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The original printing of the Authorized Version was published by Robert Barker, the King's Printer, in 1611 as a complete folio Bible. It was sold looseleaf for ten shillings, or bound for twelve. Robert Barker's father, Christopher, had, in 1589, been granted by Elizabeth I the title of royal Printer, with the perpetual Royal Privilege to print Bibles in England.The first printing used a black letter typeface instead of a Roman typeface, which itself made a political and a religious statement.
The original printing contained two prefatory texts; the first was a rather fulsome Epistle Dedicatory to "the most high and mighty Prince" King James.
The Authorized Version remains among the most widely sold. The Authorized Version maintained its effective dominance throughout the first half of the 20th Century. New translations in the second half of the 20th Century appeared, which displaced its 250 years of dominance (roughly 1700 to 1950).
|Full name:||Authorized Version
|Abbreviation:||KJV or AV|
|Complete Bible published:||1611|
|Textual Basis:||NT: Textus Receptus, similar to the Byzantine text-type; some readings derived from the Vulgate. OT: Masoretic Text with Septuagint influence. Apocrypha: Septuagint with Vulgate influence.|
|Reading Level:||US and Canada Grade 12, US and Canada Grade 8-10|
|Copyright status:||Public domain due to age, publication restrictions until 2039 in the United Kingdom
(See Copyright status)
The Authorized King James Version is an English translation of the Christian Bible conceived in 1604 and brought to fruition in 1611 by the Church of England. Printed by the King's Printer, Robert Barker, the first edition included schedules unique to the Church of England; for example, a lectionary for morning and evening prayer. This was the third such official translation into English; the first having been the Great Bible commissioned by the Church of England in the reign of King Henry VIII, and the second having been the Bishop's Bible of 1568. In January 1604, King James I of England convened the Hampton Court Conference where a new English version was conceived in response to the perceived problems of the earlier translations as detected by the Puritans, a faction within the Church of England.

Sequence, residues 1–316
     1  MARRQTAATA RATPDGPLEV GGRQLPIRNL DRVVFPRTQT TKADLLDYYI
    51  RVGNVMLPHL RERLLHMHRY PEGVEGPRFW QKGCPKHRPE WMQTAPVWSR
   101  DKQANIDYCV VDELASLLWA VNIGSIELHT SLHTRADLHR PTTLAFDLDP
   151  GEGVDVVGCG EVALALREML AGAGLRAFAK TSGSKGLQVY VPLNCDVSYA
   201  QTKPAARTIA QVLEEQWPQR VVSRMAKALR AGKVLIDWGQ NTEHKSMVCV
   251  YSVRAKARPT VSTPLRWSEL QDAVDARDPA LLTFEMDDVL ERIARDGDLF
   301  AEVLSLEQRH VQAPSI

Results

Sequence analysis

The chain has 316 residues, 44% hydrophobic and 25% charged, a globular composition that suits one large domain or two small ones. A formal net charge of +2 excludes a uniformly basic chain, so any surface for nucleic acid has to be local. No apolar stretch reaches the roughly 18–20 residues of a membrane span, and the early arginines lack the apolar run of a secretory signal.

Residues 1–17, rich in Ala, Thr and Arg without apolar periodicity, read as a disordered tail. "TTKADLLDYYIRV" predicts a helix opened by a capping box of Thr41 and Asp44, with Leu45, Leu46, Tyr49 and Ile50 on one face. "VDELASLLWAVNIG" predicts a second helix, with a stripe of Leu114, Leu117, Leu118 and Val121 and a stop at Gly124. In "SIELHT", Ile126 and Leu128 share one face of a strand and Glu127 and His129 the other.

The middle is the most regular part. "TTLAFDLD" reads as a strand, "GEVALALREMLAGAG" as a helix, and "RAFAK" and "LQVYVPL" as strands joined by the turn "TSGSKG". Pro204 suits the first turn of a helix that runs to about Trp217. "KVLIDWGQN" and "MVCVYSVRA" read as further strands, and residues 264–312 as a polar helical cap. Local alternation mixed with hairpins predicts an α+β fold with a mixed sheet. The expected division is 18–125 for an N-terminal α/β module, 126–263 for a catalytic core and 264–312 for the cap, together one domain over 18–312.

The king gave the translators instructions designed to guarantee that the new version would conform to the ecclesiology and reflect the episcopal structure of the Church of England and its beliefs about an ordained clergy. The translation was by 47 scholars, all of whom were members of the Church of England. In common with most other translations of the period, the New Testament was translated from the Textus Receptus (Received Text) series of the Greek texts. The Old Testament was translated from the Masoretic Hebrew text, while the Apocrypha were translated from the Greek Septuagint (LXX), except for 2 Esdras, which was translated from the Latin Vulgate.
While the Authorized Version was meant to replace the Bishops' Bible as the official version for readings in the Church of England, it was apparently (unlike the Great Bible) never specifically "authorized", although it is commonly known as the Authorized Version in the United Kingdom. However, the King's Printer issued no further editions of the Bishops' Bible; so necessarily the Authorized Version supplanted it as the standard lectern Bible in parish church use in England. In the Book of Common Prayer (1662), the text of the Authorized Version replaced the text of the Great Bible — for Epistle and Gospel readings — and as such was "authorized" by Act of Parliament. In the United States, the Authorized Version is known as the King James Version. The earliest appearance in print of the phrase "authorized version", to mean this particular version of the bible, was published in 1824. The phrase 'King James version' first appeared in print in 1884.
By the first half of the 18th century, the Authorized Version was effectively unchallenged as the English translation used in Anglican and Protestant churches. Over the course of the 18th century, the Authorized Version supplanted the Latin Vulgate as the standard version of scripture for English speaking scholars.
In most of the world the Authorized Version has passed out of copyright and is freely reproduced. In the United Kingdom, the British Crown restricts production of the Authorized Version per transitional exemptions from the Copyright Act 1775 (which implemented this clause) in the Copyright, Designs and patents Act 1988 (Schedule 1, section 13(1)), which expire in 2039. Cambridge University Press, Oxford University Press, HarperCollins and the Queen's Printers have the right to produce the Authorized Version.